1. The plaintiff-appellant obtained a decree against one Pema Parbhu on September 21, 1920. The plaintiff applied in execution on January 16, 1923, and obtained an order of attachment with notice under Order XXI, Rule 54, returnable on June 29. On June 19, 1923, the judgment-debtor sold the property to the defend respondent Kika, and the actual prohibition upon the judgment-debtor and proclamation were effected on June 22, 1923. The question in this appeal is whether the sale to the respondent by the judgment-debtor on June 19, 1928, after the order of attachment but before the actual prohibition and proclamation under Order XXI, Rule 54, is voidable at the option of the appellant under Section 64 of the Code of Civil Procedure; secondly, if not, whether it can be set aside under Section 53 of the Transfer of Property Act.
2. Both the lower Courts held that the respondent had been negotiating for the purchase of the land some time prior to the application for execution, and had paid a proper purchase price in good faith, although the appellant decree-holder informed him by letter on June 17 of the order for attachment. They upheld the sale and dismissed the application for execution chiefly on the strength of Sinnappan v. Arunachalam Pillai I.L.R.(1919) Mad. 844.
3. It is argued for the appellant that in the Madras case knowledge of the order for attachment on the part of the purchaser was not proved as it has been held proved in the present case, and the object of prohibition and promulgation under Order XXI, Rule 54, being notice, and that object being served in the present case by the letter of the appellant, the latter is entitled to set aside the sale under Section 64 of the Code of Civil Procedure, or at least under Section 53 of the Transfer of Property Act. It is contended for the respondent that an order for attachment is only the beginning and not the end of the attachment and the attachment is not complete until prohibition and proclamation under Order XXI, Rule 54, Section 64, therefore, has no application : on the facts as held by the lower Courts, the plaintiff-respondent is a bona fide purchaser for value, and the sale cannot be set aside under Section 53 of the Transfer of Property Act. In any case as the notice under Order XXI, Rule 22, on the judgmentdebtor was not returnable till June 29, 1923, no attachment should have issued until he appeared on this date and showed cause and as in the case of a sale without notice, such attachment is held to be invalid by Parashram v. Bahnukwnd I.L.R(1908) . 32 Bom. 572 and Gopal Chunder Chatterjee v. Gunamoni Dati I.L.R. (1892) Cal. 370 .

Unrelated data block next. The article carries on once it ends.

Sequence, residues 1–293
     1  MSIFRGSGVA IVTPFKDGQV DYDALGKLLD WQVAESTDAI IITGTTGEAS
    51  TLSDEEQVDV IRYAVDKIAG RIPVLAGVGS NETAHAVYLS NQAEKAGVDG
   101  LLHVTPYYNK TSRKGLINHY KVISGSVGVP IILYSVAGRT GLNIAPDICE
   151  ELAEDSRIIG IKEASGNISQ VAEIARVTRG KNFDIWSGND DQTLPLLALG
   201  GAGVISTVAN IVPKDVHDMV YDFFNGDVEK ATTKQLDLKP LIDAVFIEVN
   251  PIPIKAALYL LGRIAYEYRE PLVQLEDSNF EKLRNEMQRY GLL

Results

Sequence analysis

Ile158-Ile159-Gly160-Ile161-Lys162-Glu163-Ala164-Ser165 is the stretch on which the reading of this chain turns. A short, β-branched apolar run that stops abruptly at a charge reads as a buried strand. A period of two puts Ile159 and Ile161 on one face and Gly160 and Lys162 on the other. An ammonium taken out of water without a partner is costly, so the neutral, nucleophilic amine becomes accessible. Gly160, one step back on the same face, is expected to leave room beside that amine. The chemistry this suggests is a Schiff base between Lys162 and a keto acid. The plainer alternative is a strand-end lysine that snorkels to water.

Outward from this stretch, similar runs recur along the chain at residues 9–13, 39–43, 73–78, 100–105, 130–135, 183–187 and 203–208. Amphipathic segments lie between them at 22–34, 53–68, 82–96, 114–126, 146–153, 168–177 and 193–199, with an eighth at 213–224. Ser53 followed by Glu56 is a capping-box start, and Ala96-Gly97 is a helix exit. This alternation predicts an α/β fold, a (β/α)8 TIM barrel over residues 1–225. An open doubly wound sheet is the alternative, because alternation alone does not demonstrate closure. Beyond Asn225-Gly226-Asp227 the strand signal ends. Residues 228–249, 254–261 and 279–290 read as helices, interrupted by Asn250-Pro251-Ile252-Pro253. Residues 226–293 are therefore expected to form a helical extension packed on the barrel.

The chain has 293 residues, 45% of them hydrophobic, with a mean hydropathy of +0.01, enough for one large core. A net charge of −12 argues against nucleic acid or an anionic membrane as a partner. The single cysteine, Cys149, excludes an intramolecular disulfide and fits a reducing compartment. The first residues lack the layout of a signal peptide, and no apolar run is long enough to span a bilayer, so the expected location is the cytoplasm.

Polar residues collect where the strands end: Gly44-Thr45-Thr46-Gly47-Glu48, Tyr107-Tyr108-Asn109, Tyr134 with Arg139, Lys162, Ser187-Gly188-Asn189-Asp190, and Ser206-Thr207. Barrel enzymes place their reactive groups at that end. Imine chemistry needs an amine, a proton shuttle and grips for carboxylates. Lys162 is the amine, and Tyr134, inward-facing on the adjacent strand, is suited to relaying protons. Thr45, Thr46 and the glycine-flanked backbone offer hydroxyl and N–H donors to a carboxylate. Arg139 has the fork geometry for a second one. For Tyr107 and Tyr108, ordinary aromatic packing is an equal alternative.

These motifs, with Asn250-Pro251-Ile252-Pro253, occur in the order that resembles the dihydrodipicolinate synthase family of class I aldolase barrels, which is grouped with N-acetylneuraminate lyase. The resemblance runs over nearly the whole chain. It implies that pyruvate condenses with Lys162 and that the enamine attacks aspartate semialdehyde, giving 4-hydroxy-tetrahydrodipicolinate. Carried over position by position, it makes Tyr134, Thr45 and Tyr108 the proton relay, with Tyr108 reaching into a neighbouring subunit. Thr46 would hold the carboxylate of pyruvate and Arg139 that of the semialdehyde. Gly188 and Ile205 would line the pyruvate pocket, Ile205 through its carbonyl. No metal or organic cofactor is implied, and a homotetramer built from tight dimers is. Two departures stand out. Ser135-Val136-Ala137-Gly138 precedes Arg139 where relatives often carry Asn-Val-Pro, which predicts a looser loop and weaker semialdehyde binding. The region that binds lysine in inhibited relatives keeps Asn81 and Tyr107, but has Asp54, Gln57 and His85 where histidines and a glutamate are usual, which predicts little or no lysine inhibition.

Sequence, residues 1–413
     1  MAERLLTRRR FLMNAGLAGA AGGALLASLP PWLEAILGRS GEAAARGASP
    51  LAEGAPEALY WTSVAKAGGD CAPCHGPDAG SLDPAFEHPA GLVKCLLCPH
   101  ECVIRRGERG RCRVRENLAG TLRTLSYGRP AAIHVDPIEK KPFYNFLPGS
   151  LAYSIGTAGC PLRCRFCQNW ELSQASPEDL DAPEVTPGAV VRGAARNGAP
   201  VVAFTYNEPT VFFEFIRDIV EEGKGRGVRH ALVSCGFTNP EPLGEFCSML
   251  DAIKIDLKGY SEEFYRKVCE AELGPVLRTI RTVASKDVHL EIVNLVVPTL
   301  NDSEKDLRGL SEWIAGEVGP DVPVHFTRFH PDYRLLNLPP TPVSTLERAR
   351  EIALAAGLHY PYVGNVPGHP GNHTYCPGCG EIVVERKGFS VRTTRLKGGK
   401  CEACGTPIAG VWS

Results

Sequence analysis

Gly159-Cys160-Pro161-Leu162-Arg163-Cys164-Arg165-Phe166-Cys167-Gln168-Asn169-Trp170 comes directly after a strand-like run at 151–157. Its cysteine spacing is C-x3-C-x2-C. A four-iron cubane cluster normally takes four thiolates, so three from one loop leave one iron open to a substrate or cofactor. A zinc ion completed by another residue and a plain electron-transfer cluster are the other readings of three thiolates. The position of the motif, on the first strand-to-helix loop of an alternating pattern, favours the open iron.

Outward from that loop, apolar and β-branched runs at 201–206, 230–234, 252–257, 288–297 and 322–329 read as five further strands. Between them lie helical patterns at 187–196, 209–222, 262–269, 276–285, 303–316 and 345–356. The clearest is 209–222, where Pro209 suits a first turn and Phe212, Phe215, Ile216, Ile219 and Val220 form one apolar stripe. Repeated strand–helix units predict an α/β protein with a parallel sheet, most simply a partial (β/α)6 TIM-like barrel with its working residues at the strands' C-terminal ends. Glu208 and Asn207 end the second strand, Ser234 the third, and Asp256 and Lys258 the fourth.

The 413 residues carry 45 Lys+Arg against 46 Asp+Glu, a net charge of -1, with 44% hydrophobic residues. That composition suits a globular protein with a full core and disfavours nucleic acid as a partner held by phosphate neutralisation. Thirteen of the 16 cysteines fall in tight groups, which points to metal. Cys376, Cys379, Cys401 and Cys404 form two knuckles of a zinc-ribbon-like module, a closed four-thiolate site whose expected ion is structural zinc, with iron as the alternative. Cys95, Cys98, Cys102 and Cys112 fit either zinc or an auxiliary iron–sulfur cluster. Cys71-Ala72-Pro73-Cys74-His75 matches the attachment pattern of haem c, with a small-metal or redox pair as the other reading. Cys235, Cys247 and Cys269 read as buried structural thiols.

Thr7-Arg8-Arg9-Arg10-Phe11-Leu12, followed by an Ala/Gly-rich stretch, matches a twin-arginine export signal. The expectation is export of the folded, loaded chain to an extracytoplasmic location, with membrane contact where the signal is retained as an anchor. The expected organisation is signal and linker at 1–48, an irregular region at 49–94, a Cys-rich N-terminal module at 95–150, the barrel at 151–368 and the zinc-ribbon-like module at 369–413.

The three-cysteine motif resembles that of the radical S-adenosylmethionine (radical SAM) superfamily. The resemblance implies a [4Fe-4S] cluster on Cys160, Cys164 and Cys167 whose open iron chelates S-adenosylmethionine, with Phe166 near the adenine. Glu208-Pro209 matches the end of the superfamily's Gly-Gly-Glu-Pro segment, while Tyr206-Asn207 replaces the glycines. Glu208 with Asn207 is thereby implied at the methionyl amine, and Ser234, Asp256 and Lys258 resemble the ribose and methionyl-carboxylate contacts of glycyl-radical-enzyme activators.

4. Attachment, in my opinion, is not complete until prohibition and proclamation under Order XXI, Rule 54. It can hardly be said that immovable property is attached on the mere order of attachment until that order is followed up in the manner laid down in Order XXI, Rule 54. The view of the Full Bench of the Madras High Court in Sinnappan v. Arunachalam Pillai is followed in Mula Ram v. Jiwanda Ram I.L.R(1923) . Lah. 211 and derives support from the observations of their Lordships of the Privy Council in Muthiah Ohstti v. Palaniappa Chetti : (1928)30BOMLR1353 Their Lord-ships observe (p. 1357) :-.under the Civil Procedure Code in India the most anxious provisions are enacted in order to prevent a mere order of a Court from effecting attachment, and plainly indicating that the attachment itself is something separate from the mere order, and is something which is to be done and effected before attachment can be declared to have been accomplished.... No property can be declared to be attached Unless first the order for attachment has been issued, and secondly in execution of that order the other things prescribed by the rules in the Code have been done.
Though the question before their Lordships was in regard to the application of Section 11 of the Indian Limitation Act, their observations apply in the present case.
5. In regard to the contention for the appellant that be informed the respondent by letter before the date of the sale after order, that fact does not suffice to complete and convert the order for attachment into a legal attachment. In the absence of a legal attachment Section 64 has no application. It is not, therefore, necessary to consider the argumentum ab inconvenienti. But if the Courts have to go into the knowledge, actual or probable, of the parties instead of the prohibition and the proclamation by themselves laid down by Order XXI, Rule 54, the proceedings in execution, sufficiently protracted and difficult under the law, would become almost impossible. In my opinion, the appellant, therefore, is not entitled to the benefit of Section 64 merely by reason of his letter to the respondent prior to the sale being taken by the latter from the judgment-debtor. In this view, it is not necessary for consider the alternative argument for the respondent attacking the validity of the attachment before the date fixed for the return of the notice under Order XXI, Rule 22, The authorities cited by him are both cases of sale in the absence of notice, and it does not follow that an order for attachment is equally voidable.
6. With regard to Article 53, on the finding of the lower Courts that the respondent had been negotiating for the purchase of the land for some considerable time before, and that he paid an adequate price, he must be taken to be a transferee in good faith. There is no sufficient reason to differ from the view of the lower Courts that the appellant has failed to prove the necessary ingredients under Section 53 to avoid the sale in favour of the respondent.
7. The appeal fails, and is dismissed with costs.